Consumers feel empowered through social media, as they now have a way to share their ideas, opinions and concerns faster than ever before. Lovejoy said the research helped to show that the course of the restaurant, food and beverage industries may be determined and documented in the daily conversations on social media.

But as any social media whiz can tell you, not all conversations surrounding food and beverage brands is positive. In fact, much of it is negative. A recall? A bad review on a new beer? Poor service at a new restaurant? You can pretty much bet that those details will also end up online.

While brand social responsiveness is a key opportunity for companies to engage with their critics and reassure fans, the report showed that brands did not respond to the majority of tagged complaints (or even praise) on Twitter. This is when users tag a company, like @mention, through the brand's Twitter handle.

And when negative comments were directed specifically at a company, but were left untagged, brands responded to none of those conversations.

But chain restaurants (think Pizza Hut, McDonald's, Taco Bell, etc.) performed far better than any other sector at responding on Twitter, reacting to nearly half (46 percent) of negative tagged tweets and 38 percent of tagged praise. 

So, which types of restaurants, food and beverage brands are leading the conversations?

According to the findings, quick service restaurants, including McDonald's, Burger King and Subway, account for more than half of the Twitter discussions when broken down by sector. And chain restaraunts, like Applebee's or Nando's, were found to be the second most discussed, with those brands owning 20 percent of the conversation, closely followed by beverage brands.

When it comes to the beverage industry, the brand battle is as old as time itself, and in the study we saw Coke leading with 36 percent share of voice, while it's iconic counterpart Pepsi trailing behind with 14 percent dominance of the conversation.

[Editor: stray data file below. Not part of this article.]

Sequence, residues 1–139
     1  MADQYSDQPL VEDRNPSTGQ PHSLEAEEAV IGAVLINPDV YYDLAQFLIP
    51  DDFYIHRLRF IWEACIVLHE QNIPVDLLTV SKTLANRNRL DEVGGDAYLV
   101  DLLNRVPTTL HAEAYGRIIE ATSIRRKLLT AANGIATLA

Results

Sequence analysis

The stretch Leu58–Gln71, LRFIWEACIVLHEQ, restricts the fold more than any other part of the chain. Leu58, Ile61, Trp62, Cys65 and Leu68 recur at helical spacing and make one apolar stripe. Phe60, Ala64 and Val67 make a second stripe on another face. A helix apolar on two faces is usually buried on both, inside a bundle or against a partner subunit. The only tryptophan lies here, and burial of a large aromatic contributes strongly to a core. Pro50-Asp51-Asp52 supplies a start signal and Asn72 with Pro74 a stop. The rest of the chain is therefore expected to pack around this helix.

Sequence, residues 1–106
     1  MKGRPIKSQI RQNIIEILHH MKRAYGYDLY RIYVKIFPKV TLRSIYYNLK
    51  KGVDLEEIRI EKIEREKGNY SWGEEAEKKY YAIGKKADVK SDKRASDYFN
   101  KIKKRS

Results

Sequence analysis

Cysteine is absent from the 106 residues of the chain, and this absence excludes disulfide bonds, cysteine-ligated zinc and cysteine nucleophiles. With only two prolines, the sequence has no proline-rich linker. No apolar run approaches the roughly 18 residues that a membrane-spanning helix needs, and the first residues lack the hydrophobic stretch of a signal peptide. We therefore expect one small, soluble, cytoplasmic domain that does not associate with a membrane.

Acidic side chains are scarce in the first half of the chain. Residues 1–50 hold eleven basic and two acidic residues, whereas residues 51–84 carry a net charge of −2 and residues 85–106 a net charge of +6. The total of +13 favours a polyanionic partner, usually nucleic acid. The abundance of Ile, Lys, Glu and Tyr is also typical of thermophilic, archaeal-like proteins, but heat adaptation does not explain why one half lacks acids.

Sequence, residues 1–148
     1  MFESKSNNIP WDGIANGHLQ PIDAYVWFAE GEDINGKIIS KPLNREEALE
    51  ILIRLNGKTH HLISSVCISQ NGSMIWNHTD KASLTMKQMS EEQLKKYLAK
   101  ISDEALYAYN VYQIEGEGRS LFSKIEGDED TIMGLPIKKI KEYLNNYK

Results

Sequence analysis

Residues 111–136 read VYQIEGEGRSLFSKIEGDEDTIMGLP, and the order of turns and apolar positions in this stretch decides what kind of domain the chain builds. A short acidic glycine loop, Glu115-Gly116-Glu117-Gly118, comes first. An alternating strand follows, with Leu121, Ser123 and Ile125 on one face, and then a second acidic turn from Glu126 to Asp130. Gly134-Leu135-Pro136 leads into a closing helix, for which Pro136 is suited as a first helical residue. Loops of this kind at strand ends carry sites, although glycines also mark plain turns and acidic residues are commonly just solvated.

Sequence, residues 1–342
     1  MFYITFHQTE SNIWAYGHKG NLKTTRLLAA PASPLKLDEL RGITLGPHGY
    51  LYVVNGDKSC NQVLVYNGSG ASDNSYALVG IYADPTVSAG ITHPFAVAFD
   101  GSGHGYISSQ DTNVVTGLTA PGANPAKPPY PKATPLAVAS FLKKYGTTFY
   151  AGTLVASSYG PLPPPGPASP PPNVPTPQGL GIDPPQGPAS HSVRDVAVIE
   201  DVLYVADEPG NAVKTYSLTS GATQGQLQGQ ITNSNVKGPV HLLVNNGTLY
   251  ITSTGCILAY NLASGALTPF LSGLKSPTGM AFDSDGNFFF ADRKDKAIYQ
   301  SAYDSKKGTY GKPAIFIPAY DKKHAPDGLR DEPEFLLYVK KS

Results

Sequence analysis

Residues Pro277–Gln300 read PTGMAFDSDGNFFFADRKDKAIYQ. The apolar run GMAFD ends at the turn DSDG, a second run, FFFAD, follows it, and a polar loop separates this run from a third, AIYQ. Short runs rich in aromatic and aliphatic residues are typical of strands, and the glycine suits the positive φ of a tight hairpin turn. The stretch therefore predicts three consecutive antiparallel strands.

The power of the social media community is immense, with consumers quickly disseminating information and starting and following trends and movements.

"For brands, listening, understanding and reacting to the inevitable tides of change will be crucial," Lovejoy said.

About the research:

The Brandwatch social media listening and analytics platform was used to monitor and analyze over 1 million conversations around 50 of the top restaurant, food and beverage brands, as well as discussions regarding specific types of alcohol consumption. The sample of social data collected is designed to be an effective representation of the larger social conversation around each category. The social data analyzed in the development of this report is from January 1 through April 28, 2015.

The Restaurant, Food & Beverage Social Index ranks the performance of 50 industry-leading brands. Using a unique set of algorithms, each brand is evaluated from 0 - 100 across four categories:

  • Social Presence: Measures the amount of buzz a brand generates across social
  • Sentiment: Evaluates the net sentiment of conversation toward brands
  • Reach Growth: Measures the extent to which a brand's social presence is growing
  • Social Engagement & Content: Evaluates how effective brands are at communicating to their audience and how well their content performs

Download the free report here.